American Journal of Preventive Medicine, 2009
    Co-Authors: Mandy Stahre, Robert D Brewer, Vincent P Fonseca, Timothy S Naimi

    Abstract:

    Background Binge Drinking (Drinking on a single occasion ≥5 drinks for men or ≥4 drinks for women) is a common risk behavior among U.S. adults that is associated with many adverse health and social consequences. However, little is known about Binge Drinking among active-duty military personnel (ADMP). The objectives of this study were to quantify episodes of Binge Drinking, to characterize ADMP who Binge-drink, and to examine the relationship between Binge Drinking and related harms. Methods The prevalence of Binge Drinking and related harms was assessed from responses to the 2005 Department of Defense Survey of Health Related Behaviors Among Military Personnel ( n= 16,037), an anonymous, self-administered survey. The data were analyzed in 2007 after the release of the public-use data. Results In 2005, a total of 43.2% of ADMP reported past-month Binge Drinking, resulting in 29.7 episodes per person per year. In all, 67.1% of Binge episodes were reported by personnel aged 17–25 years (46.7% of ADMP), and 25.1% of these episodes were reported by underage youth (aged 17–20 years). Heavy drinkers (19.8% of ADMP) were responsible for 71.5% of the BingeDrinking episodes and had the highest number of annual per-capita episodes of Binge Drinking (112.6 episodes). Compared to nonBinge drinkers, Binge drinkers were more likely to report alcohol-related harms, including job performance problems (AOR=6.5; 95% CI=4.65, 9.15); alcohol-impaired driving (AOR=4.9; 95% CI=3.68, 6.49); and criminal justice problems (AOR=6.2; 95% CI=4.00, 9.72). Conclusions Binge Drinking is common among ADMP and is strongly associated with adverse health and social consequences. Effective interventions (e.g., the enforcement and retainment of the minimum legal Drinking age) to prevent Binge Drinking should be implemented across the military and in conjunction with military communities to discourage Binge Drinking.

Henry Wechsler – 3rd expert on this subject based on the ideXlab platform

  • The State Sets the Rate: The Relationship Among State-Specific College Binge Drinking, State Binge Drinking Rates, and Selected State Alcohol Control Policies
    American Journal of Public Health, 2005
    Co-Authors: Toben F Nelson, Robert D Brewer, Timothy S Naimi, Henry Wechsler

    Abstract:

    Objectives. We assessed the relationship between college Binge Drinking, Binge Drinking in the general population, and selected alcohol control policies.Methods. We analyzed Binge Drinking rates from 2 national surveys, the Har-vard School of Public Health College Alcohol Study and the Centers for Disease Control and Prevention’s Behavioral Risk Factor Surveillance System. Binge Drinking data were linked to a summary measure of 7 salient alcohol control policies and a rating of resources devoted to law enforcement.Results. State-level college and adult Binge Drinking rates were strongly correlated (Pearson correlation coefficient=0.43; P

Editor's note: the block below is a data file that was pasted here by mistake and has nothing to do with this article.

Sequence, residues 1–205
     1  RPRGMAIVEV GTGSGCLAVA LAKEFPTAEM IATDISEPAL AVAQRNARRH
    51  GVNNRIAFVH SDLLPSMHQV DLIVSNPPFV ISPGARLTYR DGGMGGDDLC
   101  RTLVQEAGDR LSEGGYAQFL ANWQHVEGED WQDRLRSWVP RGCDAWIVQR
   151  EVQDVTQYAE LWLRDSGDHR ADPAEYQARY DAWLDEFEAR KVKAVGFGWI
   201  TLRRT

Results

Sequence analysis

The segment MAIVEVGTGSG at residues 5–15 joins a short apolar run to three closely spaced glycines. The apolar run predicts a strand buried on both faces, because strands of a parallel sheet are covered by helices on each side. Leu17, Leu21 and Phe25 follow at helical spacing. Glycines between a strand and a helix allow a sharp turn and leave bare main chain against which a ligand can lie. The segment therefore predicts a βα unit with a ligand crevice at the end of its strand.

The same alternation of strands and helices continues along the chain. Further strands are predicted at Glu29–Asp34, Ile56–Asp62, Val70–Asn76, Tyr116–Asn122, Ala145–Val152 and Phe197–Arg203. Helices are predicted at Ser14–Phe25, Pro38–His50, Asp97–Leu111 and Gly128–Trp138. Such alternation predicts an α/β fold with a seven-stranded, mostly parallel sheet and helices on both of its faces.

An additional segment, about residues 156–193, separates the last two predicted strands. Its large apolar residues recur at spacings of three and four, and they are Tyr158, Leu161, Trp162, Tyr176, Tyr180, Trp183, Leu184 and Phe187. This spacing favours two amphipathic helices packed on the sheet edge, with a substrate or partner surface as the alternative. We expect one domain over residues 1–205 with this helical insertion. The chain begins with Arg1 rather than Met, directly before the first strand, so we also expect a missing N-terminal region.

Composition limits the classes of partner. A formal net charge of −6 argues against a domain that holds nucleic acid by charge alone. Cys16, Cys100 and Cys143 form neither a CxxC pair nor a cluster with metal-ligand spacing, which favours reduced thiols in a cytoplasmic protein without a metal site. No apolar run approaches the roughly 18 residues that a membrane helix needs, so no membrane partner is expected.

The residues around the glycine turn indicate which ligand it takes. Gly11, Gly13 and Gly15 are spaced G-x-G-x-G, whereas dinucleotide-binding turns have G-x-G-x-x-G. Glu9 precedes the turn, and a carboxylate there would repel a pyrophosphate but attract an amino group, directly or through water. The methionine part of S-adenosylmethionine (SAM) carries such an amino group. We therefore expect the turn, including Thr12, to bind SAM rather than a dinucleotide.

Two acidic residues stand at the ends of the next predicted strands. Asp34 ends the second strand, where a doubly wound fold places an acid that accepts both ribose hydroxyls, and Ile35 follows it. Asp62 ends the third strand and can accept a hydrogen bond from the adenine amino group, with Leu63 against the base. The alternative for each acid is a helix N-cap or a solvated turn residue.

• the state sets the rate the relationship among state specific college Binge Drinking state Binge Drinking rates and selected state alcohol control policies
    American Journal of Public Health, 2005
    Co-Authors: Toben F Nelson, Robert D Brewer, Timothy S Naimi, Henry Wechsler

    Abstract:

    Objectives. We assessed the relationship between college Binge Drinking, Binge Drinking in the general population, and selected alcohol control policies.Methods. We analyzed Binge Drinking rates from 2 national surveys, the Har-vard School of Public Health College Alcohol Study and the Centers for Disease Control and Prevention’s Behavioral Risk Factor Surveillance System. Binge Drinking data were linked to a summary measure of 7 salient alcohol control policies and a rating of resources devoted to law enforcement.Results. State-level college and adult Binge Drinking rates were strongly correlated (Pearson correlation coefficient=0.43; P<.01). Attending college in states with the lowest Binge Drinking rates (adjusted odds ratio [OR]=0.63; 95% confidence interval [CI]=0.41, 0.97) and presence of more stringent alcohol control policies (adjusted OR=0.57; 95% CI=0.33, 0.97) were independent predictors of student Binge Drinking, after adjusting for state law enforcement and individual-, college-, and state-le…

  • college students define Binge Drinking and estimate its prevalence results of a national survey
    Journal of American College Health, 2000
    Co-Authors: Henry Wechsler

    Abstract:

    Abstract Data from the 1999 College Alcohol Study were used to examine how students define the term Binge Drinking, to determine how much Binge Drinking the students think exists on their campuses, and to analyze how students’ estimates compare with aggregated self-reports of student Drinking. The findings indicate that the median of the students’ definitions of Binge Drinking is 6 drinks in a row for men and 5 for women, 1 drink higher than the definition used by researchers. Students’ definitions of Binge Drinking vary with their own Drinking levels, suggesting that dissenting views of the research definition may represent voices of the heaviest drinkers. At the median, students estimated that 35% of all students were Binge drinkers. Half (47%) of the students underestimated the Binge Drinking rate at their school, 29% over-estimated it, and 13% were accurate. Although programs designed to reduce the frequency or prevalence of Binge Drinking by emphasizing healthier norms would be most useful in address…